Paul also spoke of “the hidden power of lawlessness already at work.” ( 2 Ths. 2:7 ) He had, on a different occasion, already prophesied of the bishops who would arise from the midst of the elders, speaking a corrupted form of the truth in order to draw followers after themselves. ( Acts 20:30; top ) This is precisely what occurred in church history as men began to choose which spiritual “leader” to follow and subtly relinquished their fast grip on the Head Christ Jesus. This is the hidden power of choosing what is right in one’s own eyes. Today this practice is called “denominationalism” and is the accepted norm in most circles of churchianity, that is, apostate “Christianity.”
Jesus said that lawlessness would abound at the close of the age and that the divine, agape love of most would grow cold as a result. ( Mt. 24:12; top ) There are very few circles and arenas today wherein lawlessness (also called relativism in philosophical circles) is not practiced and divine, self-sacrificing love is inhibited and squelched, nearly exterminated, as a result. Every skilled professional, every businessman, every government official, every employee is restricted by the rules and practices of the organization that pays him to only go “so far” in helping or caring for the individuals who come before him. These rules and practices are deemed “good” and “proper” (in someone eyes, especially those who rake in their lucrative careers from the perpetuation of the institution or organization) but they are in actuality designed to prevent the fullness of Christ and God’s love for fallen mankind from being poured forth.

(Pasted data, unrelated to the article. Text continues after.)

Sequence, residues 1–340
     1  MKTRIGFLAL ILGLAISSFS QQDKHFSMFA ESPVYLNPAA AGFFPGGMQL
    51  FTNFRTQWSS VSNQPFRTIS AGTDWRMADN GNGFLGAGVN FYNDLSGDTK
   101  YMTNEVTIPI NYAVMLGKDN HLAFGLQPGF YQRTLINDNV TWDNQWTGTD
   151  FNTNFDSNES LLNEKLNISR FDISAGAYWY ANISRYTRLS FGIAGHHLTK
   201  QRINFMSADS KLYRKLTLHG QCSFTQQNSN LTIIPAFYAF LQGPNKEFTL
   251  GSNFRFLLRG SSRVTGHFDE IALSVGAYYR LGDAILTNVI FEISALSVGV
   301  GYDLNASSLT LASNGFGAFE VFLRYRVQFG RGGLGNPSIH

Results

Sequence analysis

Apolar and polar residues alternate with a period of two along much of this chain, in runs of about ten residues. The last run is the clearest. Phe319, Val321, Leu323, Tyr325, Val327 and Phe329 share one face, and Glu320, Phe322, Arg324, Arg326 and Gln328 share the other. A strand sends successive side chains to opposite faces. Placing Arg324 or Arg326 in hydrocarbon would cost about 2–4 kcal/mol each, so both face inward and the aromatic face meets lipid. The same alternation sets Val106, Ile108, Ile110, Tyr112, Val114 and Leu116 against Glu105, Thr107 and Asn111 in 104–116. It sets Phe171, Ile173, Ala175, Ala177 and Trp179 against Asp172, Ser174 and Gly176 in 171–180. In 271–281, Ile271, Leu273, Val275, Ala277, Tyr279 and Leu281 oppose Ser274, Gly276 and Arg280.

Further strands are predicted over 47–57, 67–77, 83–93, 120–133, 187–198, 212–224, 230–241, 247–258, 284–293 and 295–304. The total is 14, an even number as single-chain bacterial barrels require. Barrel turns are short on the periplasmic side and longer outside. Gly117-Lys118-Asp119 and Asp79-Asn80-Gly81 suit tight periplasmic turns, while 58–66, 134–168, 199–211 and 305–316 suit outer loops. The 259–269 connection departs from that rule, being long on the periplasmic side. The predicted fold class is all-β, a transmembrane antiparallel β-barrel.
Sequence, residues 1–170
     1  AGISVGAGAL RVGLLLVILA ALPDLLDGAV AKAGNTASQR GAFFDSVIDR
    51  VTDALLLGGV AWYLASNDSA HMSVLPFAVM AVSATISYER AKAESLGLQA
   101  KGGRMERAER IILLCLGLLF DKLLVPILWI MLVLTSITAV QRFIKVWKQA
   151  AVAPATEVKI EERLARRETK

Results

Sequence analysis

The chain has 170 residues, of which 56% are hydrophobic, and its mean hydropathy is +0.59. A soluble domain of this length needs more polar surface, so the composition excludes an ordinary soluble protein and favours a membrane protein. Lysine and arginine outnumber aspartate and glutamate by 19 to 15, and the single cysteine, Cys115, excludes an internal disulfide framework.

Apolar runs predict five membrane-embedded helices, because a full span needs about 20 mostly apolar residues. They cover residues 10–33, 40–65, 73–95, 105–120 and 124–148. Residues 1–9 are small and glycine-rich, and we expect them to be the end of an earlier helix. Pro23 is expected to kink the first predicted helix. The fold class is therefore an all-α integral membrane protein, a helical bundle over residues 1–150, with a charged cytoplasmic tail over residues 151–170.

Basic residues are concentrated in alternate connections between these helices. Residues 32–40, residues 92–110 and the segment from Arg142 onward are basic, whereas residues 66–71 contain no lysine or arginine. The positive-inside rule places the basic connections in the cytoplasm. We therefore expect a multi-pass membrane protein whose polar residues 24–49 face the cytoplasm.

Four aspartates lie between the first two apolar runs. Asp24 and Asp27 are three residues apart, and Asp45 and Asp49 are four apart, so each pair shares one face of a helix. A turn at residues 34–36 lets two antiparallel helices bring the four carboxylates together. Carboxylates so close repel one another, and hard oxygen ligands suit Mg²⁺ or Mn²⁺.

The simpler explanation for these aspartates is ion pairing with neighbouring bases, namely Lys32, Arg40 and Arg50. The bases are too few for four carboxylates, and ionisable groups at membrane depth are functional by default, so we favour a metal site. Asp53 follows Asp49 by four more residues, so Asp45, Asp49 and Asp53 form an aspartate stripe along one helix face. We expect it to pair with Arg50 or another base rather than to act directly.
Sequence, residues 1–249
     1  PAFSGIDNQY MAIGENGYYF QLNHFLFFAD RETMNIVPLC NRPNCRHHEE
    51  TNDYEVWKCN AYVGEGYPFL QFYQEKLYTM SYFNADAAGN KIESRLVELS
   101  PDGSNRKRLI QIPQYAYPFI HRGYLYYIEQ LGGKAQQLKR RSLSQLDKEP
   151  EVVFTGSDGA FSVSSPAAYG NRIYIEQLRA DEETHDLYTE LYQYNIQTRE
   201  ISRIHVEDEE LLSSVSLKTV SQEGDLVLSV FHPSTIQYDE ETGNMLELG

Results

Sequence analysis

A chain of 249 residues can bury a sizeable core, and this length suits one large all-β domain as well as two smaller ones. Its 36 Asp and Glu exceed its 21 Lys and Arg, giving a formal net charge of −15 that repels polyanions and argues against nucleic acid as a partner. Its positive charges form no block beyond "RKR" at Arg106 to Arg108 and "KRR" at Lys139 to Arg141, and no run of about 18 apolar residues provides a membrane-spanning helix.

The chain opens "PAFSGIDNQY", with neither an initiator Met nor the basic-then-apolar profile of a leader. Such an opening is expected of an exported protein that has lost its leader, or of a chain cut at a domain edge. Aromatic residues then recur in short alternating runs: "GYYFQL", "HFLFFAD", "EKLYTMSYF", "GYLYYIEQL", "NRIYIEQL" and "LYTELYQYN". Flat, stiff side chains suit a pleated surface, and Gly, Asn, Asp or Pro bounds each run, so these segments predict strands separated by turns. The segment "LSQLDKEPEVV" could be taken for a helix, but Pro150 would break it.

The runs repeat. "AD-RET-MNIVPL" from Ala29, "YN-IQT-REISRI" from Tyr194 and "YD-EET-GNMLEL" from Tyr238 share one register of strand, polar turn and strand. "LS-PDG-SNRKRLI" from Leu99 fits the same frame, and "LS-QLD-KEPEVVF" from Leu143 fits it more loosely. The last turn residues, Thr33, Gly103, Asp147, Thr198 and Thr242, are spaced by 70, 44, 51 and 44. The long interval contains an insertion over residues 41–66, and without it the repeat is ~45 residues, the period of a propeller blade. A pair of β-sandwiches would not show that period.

The medical field, one which centers around care, concern and service to others, provides the clearest example of how the world transforms personal care into a de-personalized, bureaucratic system if for no other reason than that the care provider is often simply overwhelmed by the number of people who come through their doors. Christ was offered the kingdoms and systems of this world ( Mt. 4:8 ) – He turned them down, opting instead to wait until the time when these systems will be rightly and righteously transferred into His direct and transforming control. ( Rev. 11:15; top )
The inherent conflict between this world’s “professionalism” and the love of God is perhaps best seen in the practice of keeping oneself aloof from the people being “served.” “Don’t let yourself get personally involved with your clients, your patients, the applicants, the incarcerated man you’re ‘ministering’ to, the people you preach to, etc.” is the mantra of lawlessness, doing what is right in one’s own eyes at the expense of what is right and good in God’s eyes. This cold “professionalism” is that thing that squelches and inhibits real life.